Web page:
After being fortunate to find a bar showing a couple of the Lions games which we thoroughly enjoyed at the very civilised time of 1030hrs over a coffee or two, we sailed away from Skopelos towards Alonissis, the next island along. We anchored in a little bay and walked over the headland to the nearest big village, Patitiri. There we visited a exhibition about the severely endangered monk seals (Monachus Monachus) which inhabit the most eastern islands of the Northern Sporades and are protected by a Marine National Park. Such beautiful creatures.
I also spent a happy hour at the private museum in Patitiri which houses an incredible number of artefacts from life gone by on Alonissos, when the island life was hard and goods and products had to be made on the island itself. The exhibition showed tools of each trade; the cobbler, the joiner, the farrier, the copper, the rope maker, the iron monger, the boat builder, the saddler, the weaver, the potter, the baker, and so on. The attention to detail was brilliant. There was also an exhibition of old charts of the Aegean from 500 years ago, showing extraordinary accuracy for the time. The pirate and World War exhibitions were also equally fascinating.
So, after an educational day, we made the short hop to the next island and anchored in Peristeri bay. The sea was flat as a mirror throughout the day and evening. We had been in bed for about 20 minutes when I was alerted to a rapid rise in the wind speed by the vibrations from the wind turbine above my head. Ian leapt out of bed and just as well he had been so quick because our stern was gently brushing up against the bow of a French boat that had come in late on and anchored far too close to us. In the non-existent winds of the earlier it wouldn’t had been a problem but in the stronger gusts of the thunder storm passing overhead, it was an issue. We put our engine on and attempted to wake the people in the boat. Finally, they came on deck and let out more chain but since we were swinging on more chain we soon found ourselves back in the same predicament.
So, the only thing for it was to up anchor and head out into the night. We donned life jackets and wet weather gear because by now the rain was lashing down. We travelled the short distance back to Patitiri and with the lightning illuminating the way, reversed into the last remaining spot on the quay. The wall was exceptionally high so I had to hoist myself up about a metre to get the lines secured. Good thing my back was feeling better.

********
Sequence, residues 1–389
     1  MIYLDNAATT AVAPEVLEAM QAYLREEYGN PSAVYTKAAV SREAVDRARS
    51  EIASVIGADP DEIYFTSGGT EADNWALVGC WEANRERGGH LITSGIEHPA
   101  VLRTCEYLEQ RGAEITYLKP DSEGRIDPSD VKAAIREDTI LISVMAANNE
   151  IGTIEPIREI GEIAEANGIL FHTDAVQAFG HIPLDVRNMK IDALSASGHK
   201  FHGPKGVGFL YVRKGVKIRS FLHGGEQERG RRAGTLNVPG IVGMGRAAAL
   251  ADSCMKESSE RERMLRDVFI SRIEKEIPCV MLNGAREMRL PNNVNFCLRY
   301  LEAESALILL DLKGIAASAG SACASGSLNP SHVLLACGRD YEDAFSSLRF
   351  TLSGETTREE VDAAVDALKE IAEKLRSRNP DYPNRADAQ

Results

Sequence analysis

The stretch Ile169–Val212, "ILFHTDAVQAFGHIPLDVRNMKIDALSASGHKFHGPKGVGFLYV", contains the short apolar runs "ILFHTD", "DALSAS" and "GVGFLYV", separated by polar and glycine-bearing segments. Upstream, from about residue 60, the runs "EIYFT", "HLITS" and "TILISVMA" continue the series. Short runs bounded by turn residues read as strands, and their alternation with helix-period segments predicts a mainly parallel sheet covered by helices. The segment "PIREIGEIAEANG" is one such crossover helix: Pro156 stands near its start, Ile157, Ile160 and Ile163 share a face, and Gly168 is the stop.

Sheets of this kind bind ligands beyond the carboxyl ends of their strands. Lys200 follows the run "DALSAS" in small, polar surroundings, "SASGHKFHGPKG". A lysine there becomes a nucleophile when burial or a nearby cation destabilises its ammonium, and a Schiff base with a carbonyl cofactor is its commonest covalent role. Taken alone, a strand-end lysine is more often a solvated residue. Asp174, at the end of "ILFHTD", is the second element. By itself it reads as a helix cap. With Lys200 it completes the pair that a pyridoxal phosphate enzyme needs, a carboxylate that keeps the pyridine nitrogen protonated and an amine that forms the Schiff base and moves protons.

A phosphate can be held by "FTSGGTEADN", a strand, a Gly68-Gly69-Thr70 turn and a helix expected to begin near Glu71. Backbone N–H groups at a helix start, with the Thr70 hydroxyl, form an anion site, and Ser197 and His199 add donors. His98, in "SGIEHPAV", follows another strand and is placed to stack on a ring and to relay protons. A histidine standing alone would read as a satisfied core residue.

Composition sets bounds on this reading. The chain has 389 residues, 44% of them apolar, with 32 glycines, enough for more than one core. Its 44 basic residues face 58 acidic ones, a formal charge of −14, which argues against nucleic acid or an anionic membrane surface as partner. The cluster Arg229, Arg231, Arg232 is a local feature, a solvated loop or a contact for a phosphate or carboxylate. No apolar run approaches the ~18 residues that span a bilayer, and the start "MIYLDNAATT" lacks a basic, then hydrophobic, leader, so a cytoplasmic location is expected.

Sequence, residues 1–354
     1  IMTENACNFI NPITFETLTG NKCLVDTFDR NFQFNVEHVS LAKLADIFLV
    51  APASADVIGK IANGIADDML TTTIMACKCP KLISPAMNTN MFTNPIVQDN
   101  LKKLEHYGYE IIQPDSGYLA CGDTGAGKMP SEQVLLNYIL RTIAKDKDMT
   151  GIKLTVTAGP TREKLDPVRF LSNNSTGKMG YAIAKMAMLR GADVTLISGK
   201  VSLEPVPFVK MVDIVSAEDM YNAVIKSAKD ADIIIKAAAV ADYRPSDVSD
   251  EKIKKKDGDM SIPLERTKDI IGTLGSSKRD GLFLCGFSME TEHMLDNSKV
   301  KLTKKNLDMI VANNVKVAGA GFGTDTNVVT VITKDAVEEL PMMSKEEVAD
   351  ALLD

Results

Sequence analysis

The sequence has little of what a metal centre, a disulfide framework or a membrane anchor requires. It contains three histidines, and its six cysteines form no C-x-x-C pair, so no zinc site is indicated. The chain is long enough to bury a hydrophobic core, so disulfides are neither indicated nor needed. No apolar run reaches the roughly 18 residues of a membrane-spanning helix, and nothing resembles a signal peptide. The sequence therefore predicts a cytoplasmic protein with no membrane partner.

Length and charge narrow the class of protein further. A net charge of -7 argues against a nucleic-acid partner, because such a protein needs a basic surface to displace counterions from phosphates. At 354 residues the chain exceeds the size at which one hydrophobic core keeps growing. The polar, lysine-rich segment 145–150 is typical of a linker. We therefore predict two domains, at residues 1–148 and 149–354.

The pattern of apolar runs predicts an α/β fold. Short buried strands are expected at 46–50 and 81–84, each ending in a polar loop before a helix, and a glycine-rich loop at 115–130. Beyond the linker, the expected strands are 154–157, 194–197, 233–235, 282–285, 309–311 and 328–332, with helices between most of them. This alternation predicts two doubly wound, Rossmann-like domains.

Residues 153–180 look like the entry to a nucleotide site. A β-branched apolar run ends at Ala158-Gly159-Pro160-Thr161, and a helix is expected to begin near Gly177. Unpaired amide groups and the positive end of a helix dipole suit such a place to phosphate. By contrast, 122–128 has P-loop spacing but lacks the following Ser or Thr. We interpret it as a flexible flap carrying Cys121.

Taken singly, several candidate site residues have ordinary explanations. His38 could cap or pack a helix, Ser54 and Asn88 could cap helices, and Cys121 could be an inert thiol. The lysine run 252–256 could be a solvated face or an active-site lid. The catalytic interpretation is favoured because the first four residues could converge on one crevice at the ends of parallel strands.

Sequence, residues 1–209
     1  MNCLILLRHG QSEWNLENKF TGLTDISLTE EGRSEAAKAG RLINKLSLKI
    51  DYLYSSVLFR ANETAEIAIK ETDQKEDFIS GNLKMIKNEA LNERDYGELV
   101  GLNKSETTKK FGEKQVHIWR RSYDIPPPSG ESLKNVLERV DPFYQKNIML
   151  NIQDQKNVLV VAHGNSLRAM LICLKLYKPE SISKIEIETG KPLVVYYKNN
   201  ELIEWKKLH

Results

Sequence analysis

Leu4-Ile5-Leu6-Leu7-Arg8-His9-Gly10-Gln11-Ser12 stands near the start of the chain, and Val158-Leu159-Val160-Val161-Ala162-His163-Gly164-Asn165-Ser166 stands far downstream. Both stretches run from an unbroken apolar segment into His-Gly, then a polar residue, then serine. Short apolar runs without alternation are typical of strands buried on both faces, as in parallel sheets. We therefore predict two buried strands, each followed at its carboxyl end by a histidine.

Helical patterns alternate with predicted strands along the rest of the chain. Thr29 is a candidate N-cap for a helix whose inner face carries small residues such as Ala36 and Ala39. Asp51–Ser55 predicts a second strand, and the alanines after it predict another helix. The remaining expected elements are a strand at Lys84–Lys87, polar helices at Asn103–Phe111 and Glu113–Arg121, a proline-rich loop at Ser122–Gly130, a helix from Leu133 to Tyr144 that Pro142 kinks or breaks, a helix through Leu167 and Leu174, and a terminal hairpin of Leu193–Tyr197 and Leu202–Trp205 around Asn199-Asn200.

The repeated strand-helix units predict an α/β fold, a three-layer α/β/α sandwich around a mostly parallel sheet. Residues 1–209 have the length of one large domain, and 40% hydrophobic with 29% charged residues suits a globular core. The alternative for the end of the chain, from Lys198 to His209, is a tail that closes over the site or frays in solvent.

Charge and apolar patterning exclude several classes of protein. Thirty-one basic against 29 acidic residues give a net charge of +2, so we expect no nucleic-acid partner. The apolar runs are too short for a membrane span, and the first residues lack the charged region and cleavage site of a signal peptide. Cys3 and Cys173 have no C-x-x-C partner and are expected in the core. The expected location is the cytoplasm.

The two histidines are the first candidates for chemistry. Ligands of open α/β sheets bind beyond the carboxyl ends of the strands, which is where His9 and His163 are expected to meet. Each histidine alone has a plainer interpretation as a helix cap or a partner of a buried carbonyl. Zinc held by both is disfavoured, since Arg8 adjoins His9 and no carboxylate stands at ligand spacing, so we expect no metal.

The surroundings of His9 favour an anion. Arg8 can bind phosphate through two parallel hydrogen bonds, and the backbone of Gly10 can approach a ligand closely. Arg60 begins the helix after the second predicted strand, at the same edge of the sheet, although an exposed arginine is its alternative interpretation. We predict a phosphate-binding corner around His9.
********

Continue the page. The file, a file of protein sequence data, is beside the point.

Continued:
By 0300hrs we were snugged back up in bed and snoring.
Next day, we motored to the top of the next island – Panayia. We planned to anchor in this remote, deserted anchorage with two large bays and a narrow north facing opening. Once inside this bay the water is completely still. We found a perfect spot and were swimming in clear waters within minutes. We never did solve the mystery as to how three knackered old chest freezers had ended up on the beach. The island has one monastery and one monk guardian and no other inhabitants whatsoever!
A fresh North Easterly wind had been forecast for the Tuesday so that was a good day to sail north to the mainland. We tonked the forty odd miles north across to the second finger of Halkhidhiki province and found yet another amazing anchorage. An almost totally enclosed large bay with a lagoon at its southern end. We anchored off the jetty in fairly deep water but we’re confident that with our new 100m of chain out we would be fine. And indeed we were.
We went ashore to explore the area and walked all around the bay and round the lagoon. The following day we walked the other way and found a Byzantian fort and numerous goat tracks winding around the olive trees and shrubs on the head land. We passed pistacio trees which I have never seen before.
Our nephew Sam and his friend Rory arrive on Monday and so we are now prepping for their arrival and positioning ourselves to pick them up in Thessaloniki. Then the plan is to head south again and round towards the third finger and Mount Akti (huge!).